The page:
Editor’s Note: This list was made subjectively and done by the reporter who viewed these films in the time available to them. Not every film from the year was seen, including those that received a limited release in select cities.
10. Wind River
There were few more gruesome films released in 2017 than “Wind River.” Telling the story of a murdered woman and the hunt to find her killers, the film sheds light on the brutal conditions of impoverished Native American reservations and the meaning of true justice.
9. The Shape of Water
To say “The Shape of Water” is just a monster movie would be a criminal understatement. The film tackles numerous topics, including prejudice during the Cold War. With a silent, standout performance from Sally Hawkins, this monster flick says more than you’d expect.
Director Kathryn Bigelow has proven herself yet again with “Detroit,” the story of the 1967 riots that shook the city and the fatal events that unfolded in an annex of the Algiers Motel. Strong performances and a true attention to detail make “Detroit” not just great entertainment, but necessary.
7. The Big Sick
2017 was full of unconventional films, but it’s hard to beat the story of a Pakistani comedian meeting his future wife’s parents after she falls into a coma. “The Big Sick” is a warm, honest and hilarious film that explores an unconventional approach to modern romance.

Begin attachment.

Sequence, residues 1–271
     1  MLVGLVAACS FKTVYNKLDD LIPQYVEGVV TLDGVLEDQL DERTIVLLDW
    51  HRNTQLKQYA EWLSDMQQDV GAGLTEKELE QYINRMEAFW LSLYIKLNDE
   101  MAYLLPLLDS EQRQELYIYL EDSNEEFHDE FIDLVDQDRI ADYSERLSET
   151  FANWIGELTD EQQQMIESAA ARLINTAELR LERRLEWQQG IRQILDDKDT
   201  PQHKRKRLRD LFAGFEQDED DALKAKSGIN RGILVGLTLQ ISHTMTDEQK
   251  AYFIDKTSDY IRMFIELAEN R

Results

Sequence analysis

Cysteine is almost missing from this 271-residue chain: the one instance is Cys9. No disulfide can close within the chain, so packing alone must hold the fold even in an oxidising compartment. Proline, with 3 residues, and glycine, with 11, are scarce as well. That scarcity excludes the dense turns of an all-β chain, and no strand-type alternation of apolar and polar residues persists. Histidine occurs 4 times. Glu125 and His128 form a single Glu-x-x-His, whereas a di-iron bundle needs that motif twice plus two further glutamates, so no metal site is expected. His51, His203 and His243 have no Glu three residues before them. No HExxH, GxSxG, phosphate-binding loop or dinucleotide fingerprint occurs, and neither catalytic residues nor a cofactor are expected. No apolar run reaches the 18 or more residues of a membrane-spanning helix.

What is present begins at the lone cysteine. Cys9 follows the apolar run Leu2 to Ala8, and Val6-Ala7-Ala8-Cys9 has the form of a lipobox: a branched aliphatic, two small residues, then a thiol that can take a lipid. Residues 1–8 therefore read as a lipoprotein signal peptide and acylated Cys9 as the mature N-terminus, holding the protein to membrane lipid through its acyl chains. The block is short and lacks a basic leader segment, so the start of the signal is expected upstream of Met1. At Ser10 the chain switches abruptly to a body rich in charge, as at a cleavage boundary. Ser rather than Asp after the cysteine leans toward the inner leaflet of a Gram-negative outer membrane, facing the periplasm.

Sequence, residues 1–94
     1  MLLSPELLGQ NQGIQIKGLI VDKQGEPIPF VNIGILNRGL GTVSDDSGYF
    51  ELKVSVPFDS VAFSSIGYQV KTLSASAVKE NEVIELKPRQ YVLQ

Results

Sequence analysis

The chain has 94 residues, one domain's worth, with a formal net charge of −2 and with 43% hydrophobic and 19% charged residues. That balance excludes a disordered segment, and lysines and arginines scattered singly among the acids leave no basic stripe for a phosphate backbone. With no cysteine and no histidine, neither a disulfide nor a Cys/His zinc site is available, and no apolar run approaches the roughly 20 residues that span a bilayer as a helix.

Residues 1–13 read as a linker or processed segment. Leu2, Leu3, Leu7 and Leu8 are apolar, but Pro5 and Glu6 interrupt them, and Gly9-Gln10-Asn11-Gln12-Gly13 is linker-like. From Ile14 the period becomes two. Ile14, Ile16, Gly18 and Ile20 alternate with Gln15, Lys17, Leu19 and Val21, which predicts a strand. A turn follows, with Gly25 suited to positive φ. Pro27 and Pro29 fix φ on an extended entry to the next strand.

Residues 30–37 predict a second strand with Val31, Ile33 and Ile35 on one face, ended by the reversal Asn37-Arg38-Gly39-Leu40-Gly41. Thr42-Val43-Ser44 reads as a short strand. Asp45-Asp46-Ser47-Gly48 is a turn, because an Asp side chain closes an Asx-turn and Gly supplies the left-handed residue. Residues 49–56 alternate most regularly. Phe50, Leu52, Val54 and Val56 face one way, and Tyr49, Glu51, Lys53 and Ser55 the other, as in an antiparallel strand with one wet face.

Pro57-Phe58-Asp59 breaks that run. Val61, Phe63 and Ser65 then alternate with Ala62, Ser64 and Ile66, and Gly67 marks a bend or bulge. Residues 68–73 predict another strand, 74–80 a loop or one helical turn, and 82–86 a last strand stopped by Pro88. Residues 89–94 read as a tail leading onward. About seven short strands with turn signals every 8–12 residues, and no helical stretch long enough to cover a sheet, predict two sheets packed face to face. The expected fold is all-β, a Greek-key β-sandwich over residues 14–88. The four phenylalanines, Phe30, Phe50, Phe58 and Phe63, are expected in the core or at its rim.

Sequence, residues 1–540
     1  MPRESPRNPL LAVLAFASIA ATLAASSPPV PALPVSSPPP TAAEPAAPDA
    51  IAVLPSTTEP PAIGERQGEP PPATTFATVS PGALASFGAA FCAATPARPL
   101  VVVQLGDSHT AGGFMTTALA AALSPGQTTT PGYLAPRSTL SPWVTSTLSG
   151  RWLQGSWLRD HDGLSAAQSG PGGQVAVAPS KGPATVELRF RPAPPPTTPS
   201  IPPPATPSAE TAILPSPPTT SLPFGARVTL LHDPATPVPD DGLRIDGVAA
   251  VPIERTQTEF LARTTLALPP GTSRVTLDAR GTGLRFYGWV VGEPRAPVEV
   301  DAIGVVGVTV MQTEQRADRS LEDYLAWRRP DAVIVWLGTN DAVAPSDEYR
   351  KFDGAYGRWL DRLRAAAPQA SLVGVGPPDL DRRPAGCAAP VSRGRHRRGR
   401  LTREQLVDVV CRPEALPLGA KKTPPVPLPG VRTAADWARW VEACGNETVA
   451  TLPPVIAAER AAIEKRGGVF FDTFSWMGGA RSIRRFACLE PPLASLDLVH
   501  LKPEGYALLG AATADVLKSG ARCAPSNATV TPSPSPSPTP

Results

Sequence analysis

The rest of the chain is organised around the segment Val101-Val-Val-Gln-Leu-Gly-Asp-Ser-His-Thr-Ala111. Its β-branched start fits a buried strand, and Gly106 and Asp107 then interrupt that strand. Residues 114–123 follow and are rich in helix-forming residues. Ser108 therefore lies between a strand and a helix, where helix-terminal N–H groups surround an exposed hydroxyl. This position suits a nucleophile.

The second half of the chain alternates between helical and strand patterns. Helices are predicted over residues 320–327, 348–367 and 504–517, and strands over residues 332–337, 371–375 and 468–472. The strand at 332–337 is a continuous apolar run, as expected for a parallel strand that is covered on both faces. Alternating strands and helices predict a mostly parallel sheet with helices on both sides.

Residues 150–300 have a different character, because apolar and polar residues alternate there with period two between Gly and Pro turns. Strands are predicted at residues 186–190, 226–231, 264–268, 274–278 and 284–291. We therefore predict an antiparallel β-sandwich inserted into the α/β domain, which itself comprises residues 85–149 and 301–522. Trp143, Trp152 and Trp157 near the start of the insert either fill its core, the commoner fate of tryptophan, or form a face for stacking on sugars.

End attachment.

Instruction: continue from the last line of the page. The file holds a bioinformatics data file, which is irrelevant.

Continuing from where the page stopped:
Seventeen years of Hugh Jackman as Wolverine have culminated in a farewell film for a character loved by both critics and die-hard fans. “Logan” rises above the other comic book films this year for its harsh realness and a moving performance by Jackman.
5. Lady Bird
It’s hard to recall any film that’s ever delved into the complicated but warm relationship between mothers and daughters like “Lady Bird.” Writer/director Greta Gerwig has created a hilarious, heartfelt film impossible to hate.
4. Baby Driver
The breakout movie of the summer, “Baby Driver,” has everything you could want from a June film: well-edited action, a marvelous soundtrack and a chemical-filled romance. Edgar Wright makes a comeback behind-the-camera to deliver a smart and edgy heist film.
3. Call Me by Your Name
Brilliant lead performances and sensitive direction from Italian filmmaker Luca Guadagnino makes “Call Me by Your Name” not just an emotionally arresting gay romance, but a brilliant romance, period. The film transcends sexuality to communicate the joys and hardships of a young summer love to all audiences.
2. Get Out
With just his first film, writer/director Jordan Peele has cemented himself as an ingenious talent behind the screen. Tackling the complicated topic of race head on, “Get Out” stands out from the crowd of horror films not just of this year, but of all time. The film is smart, insightful and, above all, terrifying.
1. Blade Runner 2049
A lot of sci-fi films ask big questions. Are we alone in the universe? What does it mean to be human? “Blade Runner 2049” sets itself apart from and above others in this genre by asking completely new questions, and answering them. Director Denis Villeneuve strikes cinema gold yet again with a sequel to a sci-fi classic that outdoes the original. With its show-stopping visuals and a captivating story, “2049” makes a grand statement about what it means to be a human being.